Published on July 14th, 2012 | by James Ayre0
New Moon Discovered Around Pluto
July 14th, 2012 by James Ayre
The recent discovery of a new moon around Pluto has now raised the number of confirmed moons up to five.
The newly discovered moon is estimated to be around 6 to 15 miles across, and of an irregular shape. It follows a circular orbit with a 58,000-mile-diameter around Pluto. And it is thought to be co-planar with the other satellites in the system.
“On July 11, 2012, astronomers announced that a fifth moon had been discovered orbiting the dwarf planet. Researchers using NASA’s Hubble Space Telescope found the moon. The discovery comes almost exactly one year after Hubble spotted Pluto’s fourth moon, a tiny body currently called P4.”
The researchers are intrigued that such a small planet has such a complex collection of satellites.
“The moons form a series of neatly nested orbits, a bit like Russian dolls,” said team lead Mark Showalter of the SETI Institute in Mountain View, Calif.
Pluto’s entire moon system is thought to have formed by a collision between Pluto and a similar-sized body early in the history of the solar system. The collision threw out material that coalesced into the family of satellites orbiting Pluto. There may be even more moons to discover.
Scientists using Hubble discovered a fourth moon in 2011. This moon is estimated to be 8 to 21 miles (13 to 34 km) in diameter. P4’s orbit is between the orbits of Nix and Hydra.
The newly discovered P4 and P5 moons provide some clues on how the Pluto system may have formed and evolved. The currently favored theory is that all of Pluto’s moons are relics of a giant collision between Pluto and a large Kuiper belt object billions of years ago.
Pluto’s largest moon, Charon, is almost half the planet’s size. “Discovered in 1978, it was named Charon after the demon who ferried souls to the underworld in Greek mythology. The huge size of Charon (648 miles or 1,043 km in diameter) sometimes leads scientists to refer to Pluto and Charon as a double dwarf planet or binary system. Pluto’s diameter is 1,430 miles (2,302 km).”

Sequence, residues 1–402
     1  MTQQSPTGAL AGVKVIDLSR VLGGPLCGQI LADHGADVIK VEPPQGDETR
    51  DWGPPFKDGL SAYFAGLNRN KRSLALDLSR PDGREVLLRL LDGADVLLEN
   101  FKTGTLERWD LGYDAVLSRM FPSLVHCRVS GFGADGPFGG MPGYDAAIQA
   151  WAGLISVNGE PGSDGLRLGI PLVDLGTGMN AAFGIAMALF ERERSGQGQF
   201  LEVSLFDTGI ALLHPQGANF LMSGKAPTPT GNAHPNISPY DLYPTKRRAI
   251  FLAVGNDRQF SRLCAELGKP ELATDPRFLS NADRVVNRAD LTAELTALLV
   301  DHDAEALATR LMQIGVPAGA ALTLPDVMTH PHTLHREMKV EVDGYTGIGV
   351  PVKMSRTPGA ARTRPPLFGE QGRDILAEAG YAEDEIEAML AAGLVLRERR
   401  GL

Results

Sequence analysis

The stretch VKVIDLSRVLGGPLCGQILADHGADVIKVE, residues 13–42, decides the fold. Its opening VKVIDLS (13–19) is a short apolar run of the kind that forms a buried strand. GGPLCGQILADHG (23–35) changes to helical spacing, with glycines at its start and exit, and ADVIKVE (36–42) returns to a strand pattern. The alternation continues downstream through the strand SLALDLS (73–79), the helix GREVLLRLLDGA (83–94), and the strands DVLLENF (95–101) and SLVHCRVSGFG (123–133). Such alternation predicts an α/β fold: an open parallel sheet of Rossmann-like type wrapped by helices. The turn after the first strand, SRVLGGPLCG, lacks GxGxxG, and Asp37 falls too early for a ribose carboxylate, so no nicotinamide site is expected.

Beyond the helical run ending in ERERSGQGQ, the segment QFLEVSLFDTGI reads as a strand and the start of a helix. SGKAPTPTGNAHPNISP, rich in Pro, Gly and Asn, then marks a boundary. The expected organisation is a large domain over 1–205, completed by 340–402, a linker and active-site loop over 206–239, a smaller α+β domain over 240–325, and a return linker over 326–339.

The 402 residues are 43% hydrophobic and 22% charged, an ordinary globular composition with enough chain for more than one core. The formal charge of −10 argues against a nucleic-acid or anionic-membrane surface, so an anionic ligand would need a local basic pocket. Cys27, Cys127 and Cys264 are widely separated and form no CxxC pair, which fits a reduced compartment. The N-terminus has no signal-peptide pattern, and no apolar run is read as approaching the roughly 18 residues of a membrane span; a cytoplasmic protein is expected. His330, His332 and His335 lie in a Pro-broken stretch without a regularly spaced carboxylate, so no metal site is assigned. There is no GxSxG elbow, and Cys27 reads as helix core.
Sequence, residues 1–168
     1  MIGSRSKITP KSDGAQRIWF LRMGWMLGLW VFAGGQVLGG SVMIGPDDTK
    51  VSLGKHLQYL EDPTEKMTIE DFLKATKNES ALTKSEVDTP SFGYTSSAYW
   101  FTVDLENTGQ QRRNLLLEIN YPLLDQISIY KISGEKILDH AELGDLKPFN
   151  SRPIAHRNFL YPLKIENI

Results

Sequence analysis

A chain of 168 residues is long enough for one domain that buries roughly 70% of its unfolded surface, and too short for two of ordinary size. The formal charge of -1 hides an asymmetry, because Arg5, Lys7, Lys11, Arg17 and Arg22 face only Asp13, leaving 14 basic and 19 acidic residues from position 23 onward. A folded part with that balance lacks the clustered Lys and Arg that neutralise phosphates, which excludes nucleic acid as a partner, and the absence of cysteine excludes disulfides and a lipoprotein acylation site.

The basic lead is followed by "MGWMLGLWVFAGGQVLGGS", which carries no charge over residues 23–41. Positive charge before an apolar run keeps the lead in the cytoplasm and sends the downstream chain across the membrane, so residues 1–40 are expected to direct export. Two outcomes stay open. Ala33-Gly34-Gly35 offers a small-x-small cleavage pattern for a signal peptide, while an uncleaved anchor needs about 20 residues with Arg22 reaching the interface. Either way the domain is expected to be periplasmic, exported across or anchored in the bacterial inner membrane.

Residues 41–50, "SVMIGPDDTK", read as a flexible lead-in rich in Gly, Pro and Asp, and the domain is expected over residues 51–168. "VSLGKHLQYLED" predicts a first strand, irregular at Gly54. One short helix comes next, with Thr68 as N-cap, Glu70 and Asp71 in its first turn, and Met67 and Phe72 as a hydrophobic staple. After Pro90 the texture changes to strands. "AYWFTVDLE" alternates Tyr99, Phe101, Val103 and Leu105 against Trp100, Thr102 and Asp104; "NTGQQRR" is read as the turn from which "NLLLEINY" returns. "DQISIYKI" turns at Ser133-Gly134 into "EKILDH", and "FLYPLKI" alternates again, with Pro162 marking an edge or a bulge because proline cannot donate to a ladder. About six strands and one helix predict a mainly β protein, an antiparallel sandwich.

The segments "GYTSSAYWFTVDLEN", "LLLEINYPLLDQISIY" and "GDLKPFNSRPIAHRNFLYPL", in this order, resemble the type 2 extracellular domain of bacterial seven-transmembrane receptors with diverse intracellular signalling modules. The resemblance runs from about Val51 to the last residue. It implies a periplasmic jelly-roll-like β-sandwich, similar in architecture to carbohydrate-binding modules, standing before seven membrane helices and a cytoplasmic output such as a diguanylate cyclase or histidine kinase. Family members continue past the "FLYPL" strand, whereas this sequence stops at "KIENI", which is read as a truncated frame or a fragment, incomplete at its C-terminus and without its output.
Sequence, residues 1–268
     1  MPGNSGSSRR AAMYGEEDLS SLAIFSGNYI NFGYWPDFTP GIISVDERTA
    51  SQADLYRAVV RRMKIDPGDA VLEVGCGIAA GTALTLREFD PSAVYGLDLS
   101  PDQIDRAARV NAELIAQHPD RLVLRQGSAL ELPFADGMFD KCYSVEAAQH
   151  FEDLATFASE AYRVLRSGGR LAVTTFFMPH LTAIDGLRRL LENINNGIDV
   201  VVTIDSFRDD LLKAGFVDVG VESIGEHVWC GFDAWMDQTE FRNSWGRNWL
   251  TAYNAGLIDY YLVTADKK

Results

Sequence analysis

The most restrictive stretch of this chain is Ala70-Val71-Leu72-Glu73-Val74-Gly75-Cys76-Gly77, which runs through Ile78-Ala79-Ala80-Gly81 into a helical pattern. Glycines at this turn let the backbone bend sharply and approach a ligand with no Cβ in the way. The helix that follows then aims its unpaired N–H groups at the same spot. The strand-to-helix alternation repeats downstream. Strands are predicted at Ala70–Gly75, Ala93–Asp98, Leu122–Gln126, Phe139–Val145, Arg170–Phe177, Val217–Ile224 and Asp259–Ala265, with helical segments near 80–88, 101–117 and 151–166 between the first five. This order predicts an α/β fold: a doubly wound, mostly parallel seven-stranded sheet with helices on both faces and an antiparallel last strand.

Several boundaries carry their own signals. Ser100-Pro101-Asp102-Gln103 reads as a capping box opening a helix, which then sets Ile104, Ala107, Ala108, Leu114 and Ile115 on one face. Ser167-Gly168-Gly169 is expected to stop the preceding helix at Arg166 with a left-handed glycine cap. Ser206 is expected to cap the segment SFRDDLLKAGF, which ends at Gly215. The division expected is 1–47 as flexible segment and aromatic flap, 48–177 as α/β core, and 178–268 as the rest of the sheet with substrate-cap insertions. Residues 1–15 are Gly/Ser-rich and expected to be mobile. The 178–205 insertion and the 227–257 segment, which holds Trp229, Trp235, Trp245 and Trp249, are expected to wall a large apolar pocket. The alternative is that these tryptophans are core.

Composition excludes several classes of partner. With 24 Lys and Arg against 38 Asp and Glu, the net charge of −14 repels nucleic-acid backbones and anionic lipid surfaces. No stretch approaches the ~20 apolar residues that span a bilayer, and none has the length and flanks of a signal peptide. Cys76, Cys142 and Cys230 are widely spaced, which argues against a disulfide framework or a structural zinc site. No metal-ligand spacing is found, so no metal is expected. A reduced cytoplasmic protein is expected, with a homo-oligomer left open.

“Pluto and Charon are just 12,200 miles (19,640 km) apart, less than the distance by flight between London and Sydney. Charon’s orbit around Pluto takes 6.4 Earth days, and one Pluto rotation — a Pluto day — also takes 6.4 Earth days. This means Charon hovers over the same spot on Pluto’s surface, and the same side of Charon always faces Pluto, a phenomenon known as tidal locking.”
“Compared with most of solar system’s planets and moons, the Pluto-Charon system is tipped on its side in relation to the sun. Also, Pluto’s rotation is retrograde compared to the other worlds — it spins backwards, from east to west.”
“In 2005, as scientists photographed Pluto with the Hubble Space Telescope in preparation for the New Horizons mission — the first spacecraft to visit Pluto and the Kuiper Belt — they discovered two other tiny moons of Pluto, now dubbed Nix and Hydra. These are two to three times farther away from Pluto than Charon, and they are thought to be just 31 to 62 miles (50 to 100 kilometers) wide each.”
These new discoveries should help scientists navigate the New Horizons spacecraft through the Pluto system in 2015. NASA’s New Horizons spacecraft will be the first to do a close flyby of the distant world.
“The team is using Hubble’s powerful vision to scour the Pluto system to uncover potential hazards to the New Horizons spacecraft. Moving past the dwarf planet at a speed of 30,000 miles per hour, New Horizons could be destroyed in a collision with even a BB-shot-size piece of orbital debris.”
“The discovery of so many small moons indirectly tells us that there must be lots of small particles lurking unseen in the Pluto system,” said Harold Weaver of the Johns Hopkins University Applied Physics Laboratory in Laurel, Md.
“The inventory of the Pluto system we’re taking now with Hubble will help the New Horizons team design a safer trajectory for the spacecraft,” added Alan Stern of the Southwest Research Institute in Boulder, Colo., the mission’s principal investigator.
“Provisionally designated S/2012 (134340) 1, the latest moon was detected in nine separate sets of images taken by Hubble’s Wide Field Camera 3 on June 26, 27, 29, and July 7 and 9.”
“In the years following the New Horizons Pluto flyby, astronomers plan to use the infrared vision of Hubble’s planned successor, NASA’s James Webb Space Telescope, for follow-up observations. The Webb telescope will be able to measure the surface chemistry of Pluto, its moons, and many other bodies that lie in the distant Kuiper Belt along with Pluto.”
Image Credits: NASA; ESA; M. Showalter, SETI Institute
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